My inspiration for this post was sparked by author and public speaker, Brené Brown, whose words resonate with me.
This post is a combination of Brené’s research and insightfulness, and my own feelings from personal life experiences.
As a child, I was taught to play life safe and not take chances. I was also taught not to get overzealous about my achievements and happiness because it would bring bad luck and those things might be taken away, causing me to believe that tragedy could strike at any moment, so I must be prepared.
I was also taught that pessimism was safer than optimism, because that way I wouldn’t be disappointed if things didn’t turn out well.
It took me many years to realize that if I wasn’t willing to take chances by not playing it safe, then I would never know joy. And that it was perfectly fine for me to celebrate my achievements because I had worked for them and was worthy.
But I have to admit, I still have brief moments of thinking the way I was taught, by allowing thoughts of “what if something happens” to creep into my mind when things are going smoothly.
Have you ever noticed how when we experience times of great joy, we quite often experience simultaneous feelings of fear?
And I believe the reason for this is because I don’t think we take the time to fully enjoy joy because our thoughts are elsewhere.
Our minds are sometimes focused on what we anticipate might happen to that joy…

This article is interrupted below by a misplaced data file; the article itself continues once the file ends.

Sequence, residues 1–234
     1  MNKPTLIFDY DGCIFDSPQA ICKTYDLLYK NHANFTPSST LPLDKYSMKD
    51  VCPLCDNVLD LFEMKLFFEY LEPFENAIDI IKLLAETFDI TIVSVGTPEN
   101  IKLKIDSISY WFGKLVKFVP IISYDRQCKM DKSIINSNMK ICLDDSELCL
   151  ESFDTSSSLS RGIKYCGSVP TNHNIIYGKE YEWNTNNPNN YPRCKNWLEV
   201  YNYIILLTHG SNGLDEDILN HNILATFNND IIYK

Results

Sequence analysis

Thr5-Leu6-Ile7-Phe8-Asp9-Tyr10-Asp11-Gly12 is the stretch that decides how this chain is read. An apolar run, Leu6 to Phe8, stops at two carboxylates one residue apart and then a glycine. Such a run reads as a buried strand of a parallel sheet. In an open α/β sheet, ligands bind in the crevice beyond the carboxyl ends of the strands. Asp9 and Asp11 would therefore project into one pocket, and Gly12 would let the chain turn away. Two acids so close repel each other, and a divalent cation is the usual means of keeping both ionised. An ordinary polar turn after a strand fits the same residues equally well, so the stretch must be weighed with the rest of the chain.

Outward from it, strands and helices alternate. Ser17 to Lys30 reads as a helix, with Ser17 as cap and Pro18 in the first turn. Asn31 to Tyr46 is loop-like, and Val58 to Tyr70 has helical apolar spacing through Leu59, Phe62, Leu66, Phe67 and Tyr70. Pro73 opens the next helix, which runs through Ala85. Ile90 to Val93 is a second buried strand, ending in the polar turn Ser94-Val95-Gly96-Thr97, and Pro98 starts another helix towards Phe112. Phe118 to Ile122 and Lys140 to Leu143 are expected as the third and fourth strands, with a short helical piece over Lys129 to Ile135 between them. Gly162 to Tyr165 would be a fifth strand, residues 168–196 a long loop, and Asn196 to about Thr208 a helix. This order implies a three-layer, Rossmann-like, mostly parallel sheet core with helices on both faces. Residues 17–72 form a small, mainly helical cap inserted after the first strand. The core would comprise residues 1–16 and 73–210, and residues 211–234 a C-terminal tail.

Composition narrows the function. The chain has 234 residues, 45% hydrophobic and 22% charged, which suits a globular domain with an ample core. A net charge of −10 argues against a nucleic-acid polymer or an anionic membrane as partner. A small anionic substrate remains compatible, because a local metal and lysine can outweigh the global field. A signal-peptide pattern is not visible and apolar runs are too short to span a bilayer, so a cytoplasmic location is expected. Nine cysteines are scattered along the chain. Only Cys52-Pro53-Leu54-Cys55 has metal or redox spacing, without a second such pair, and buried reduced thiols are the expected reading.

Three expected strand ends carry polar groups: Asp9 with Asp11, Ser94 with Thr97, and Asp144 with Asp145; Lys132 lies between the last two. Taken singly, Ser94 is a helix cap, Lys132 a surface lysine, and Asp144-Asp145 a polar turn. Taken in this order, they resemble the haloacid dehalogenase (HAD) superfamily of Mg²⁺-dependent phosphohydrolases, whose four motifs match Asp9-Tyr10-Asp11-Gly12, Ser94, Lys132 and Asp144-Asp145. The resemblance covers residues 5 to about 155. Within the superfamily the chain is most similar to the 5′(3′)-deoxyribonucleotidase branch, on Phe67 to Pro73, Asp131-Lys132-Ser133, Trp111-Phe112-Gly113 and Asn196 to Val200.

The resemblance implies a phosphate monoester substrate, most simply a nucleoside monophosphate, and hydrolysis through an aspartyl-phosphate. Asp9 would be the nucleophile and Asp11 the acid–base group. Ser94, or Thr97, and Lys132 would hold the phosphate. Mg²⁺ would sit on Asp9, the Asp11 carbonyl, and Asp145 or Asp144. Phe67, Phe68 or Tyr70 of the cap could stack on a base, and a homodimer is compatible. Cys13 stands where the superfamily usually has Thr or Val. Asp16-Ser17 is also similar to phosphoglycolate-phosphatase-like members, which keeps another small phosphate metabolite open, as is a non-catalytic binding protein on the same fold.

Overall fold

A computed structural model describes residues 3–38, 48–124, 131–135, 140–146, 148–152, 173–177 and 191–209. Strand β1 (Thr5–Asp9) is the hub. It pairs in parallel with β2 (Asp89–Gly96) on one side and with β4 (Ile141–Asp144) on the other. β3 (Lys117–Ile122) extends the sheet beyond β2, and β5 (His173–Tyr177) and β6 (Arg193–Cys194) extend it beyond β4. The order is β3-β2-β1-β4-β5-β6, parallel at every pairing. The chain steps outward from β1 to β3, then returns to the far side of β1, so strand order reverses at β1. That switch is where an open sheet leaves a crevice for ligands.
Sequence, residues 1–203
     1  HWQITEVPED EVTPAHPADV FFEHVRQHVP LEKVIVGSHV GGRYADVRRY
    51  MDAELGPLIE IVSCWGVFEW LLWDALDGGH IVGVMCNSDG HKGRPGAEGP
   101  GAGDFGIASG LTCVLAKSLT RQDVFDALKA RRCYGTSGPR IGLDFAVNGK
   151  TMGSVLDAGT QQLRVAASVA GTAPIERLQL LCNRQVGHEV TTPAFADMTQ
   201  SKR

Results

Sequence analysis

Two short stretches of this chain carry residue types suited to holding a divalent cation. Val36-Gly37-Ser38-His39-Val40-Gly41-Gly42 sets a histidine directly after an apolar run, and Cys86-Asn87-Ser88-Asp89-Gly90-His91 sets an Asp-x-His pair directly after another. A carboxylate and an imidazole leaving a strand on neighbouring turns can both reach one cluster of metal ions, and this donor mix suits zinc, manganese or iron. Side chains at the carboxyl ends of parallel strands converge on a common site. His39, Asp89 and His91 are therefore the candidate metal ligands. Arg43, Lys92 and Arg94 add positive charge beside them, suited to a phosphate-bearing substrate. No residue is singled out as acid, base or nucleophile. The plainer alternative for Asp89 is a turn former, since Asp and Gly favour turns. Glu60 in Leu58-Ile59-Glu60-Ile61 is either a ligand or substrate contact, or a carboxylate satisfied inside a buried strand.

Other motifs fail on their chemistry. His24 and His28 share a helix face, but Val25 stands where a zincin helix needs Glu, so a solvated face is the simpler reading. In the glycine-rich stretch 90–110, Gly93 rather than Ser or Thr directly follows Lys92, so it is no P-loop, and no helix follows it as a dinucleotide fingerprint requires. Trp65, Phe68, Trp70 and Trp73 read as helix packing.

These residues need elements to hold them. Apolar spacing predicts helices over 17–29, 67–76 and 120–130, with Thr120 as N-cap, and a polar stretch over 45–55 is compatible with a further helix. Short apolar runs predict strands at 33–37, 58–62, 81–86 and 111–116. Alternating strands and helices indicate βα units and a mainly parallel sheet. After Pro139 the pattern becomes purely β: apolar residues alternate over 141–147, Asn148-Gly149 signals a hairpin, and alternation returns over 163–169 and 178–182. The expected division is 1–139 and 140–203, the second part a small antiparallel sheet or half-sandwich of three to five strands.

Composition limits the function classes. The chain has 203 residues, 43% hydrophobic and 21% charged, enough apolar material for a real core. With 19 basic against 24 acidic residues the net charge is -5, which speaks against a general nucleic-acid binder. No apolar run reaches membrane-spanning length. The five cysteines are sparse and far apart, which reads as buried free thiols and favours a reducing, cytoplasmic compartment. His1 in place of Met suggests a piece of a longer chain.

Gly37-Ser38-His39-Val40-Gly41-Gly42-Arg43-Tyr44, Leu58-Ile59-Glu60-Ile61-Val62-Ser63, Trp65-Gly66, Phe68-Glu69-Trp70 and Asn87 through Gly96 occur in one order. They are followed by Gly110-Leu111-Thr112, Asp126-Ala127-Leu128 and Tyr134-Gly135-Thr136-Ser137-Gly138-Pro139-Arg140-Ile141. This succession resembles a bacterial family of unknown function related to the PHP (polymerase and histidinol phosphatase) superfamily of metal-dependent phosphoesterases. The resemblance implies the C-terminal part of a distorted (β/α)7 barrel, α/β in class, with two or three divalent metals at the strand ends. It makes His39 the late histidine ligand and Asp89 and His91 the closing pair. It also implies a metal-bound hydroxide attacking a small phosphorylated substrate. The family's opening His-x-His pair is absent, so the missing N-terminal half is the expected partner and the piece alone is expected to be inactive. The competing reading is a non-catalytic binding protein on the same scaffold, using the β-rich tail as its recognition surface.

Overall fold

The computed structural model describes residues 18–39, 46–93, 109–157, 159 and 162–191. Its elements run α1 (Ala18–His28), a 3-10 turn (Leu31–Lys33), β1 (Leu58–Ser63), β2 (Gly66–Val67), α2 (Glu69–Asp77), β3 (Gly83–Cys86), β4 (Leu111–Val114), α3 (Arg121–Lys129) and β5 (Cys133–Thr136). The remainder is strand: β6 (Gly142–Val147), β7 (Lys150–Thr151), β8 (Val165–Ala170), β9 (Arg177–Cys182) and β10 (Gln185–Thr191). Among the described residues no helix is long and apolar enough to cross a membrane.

“Nothing lasts forever.”
“I've had such bad experiences with relationships in the past, so what if it happens again?”
“I don’t want to enjoy my success too much because what if I eventually fail?”
“I’m going to stay right in the middle and remain emotionally neutral, because it’s safer there.”
It’s like we try to prepare ourselves for tragedy by doing a dress rehearsal, so we’re not caught off-guard when it happens.
Yet by doing this, we never fully experience the joy.
And I've done this myself before. I've created entire tragic scenarios of 'what if's' before they ever even happened, just to cover my bases in case they did happen. So I wasted all that time not experiencing the joy.
Personally, I think joy makes us feel vulnerable. And vulnerability causes fear because with vulnerability, there is no guarantee.
Vulnerability is the “what if.”
She said, “When we lose our tolerance to be vulnerable, joy becomes foreboding because we try to beat vulnerability to the punch.”
And I think she’s right. We play it safe by either not taking a chance, or we prep ourselves for tragedy.
But the catch to this is that when we play it safe, we prevent ourselves from feeling all the good stuff too.
Unless I allow myself to take risks and feel vulnerable, I also risk not ever experiencing joy.
Brené also shared, that in those moments of joy, instead of focusing on the tragedy of the 'what if's', stay focused on gratitude. Because when we focus on being grateful for what is present, that's what we experience.
Have a fantabulous Monday, y'all!
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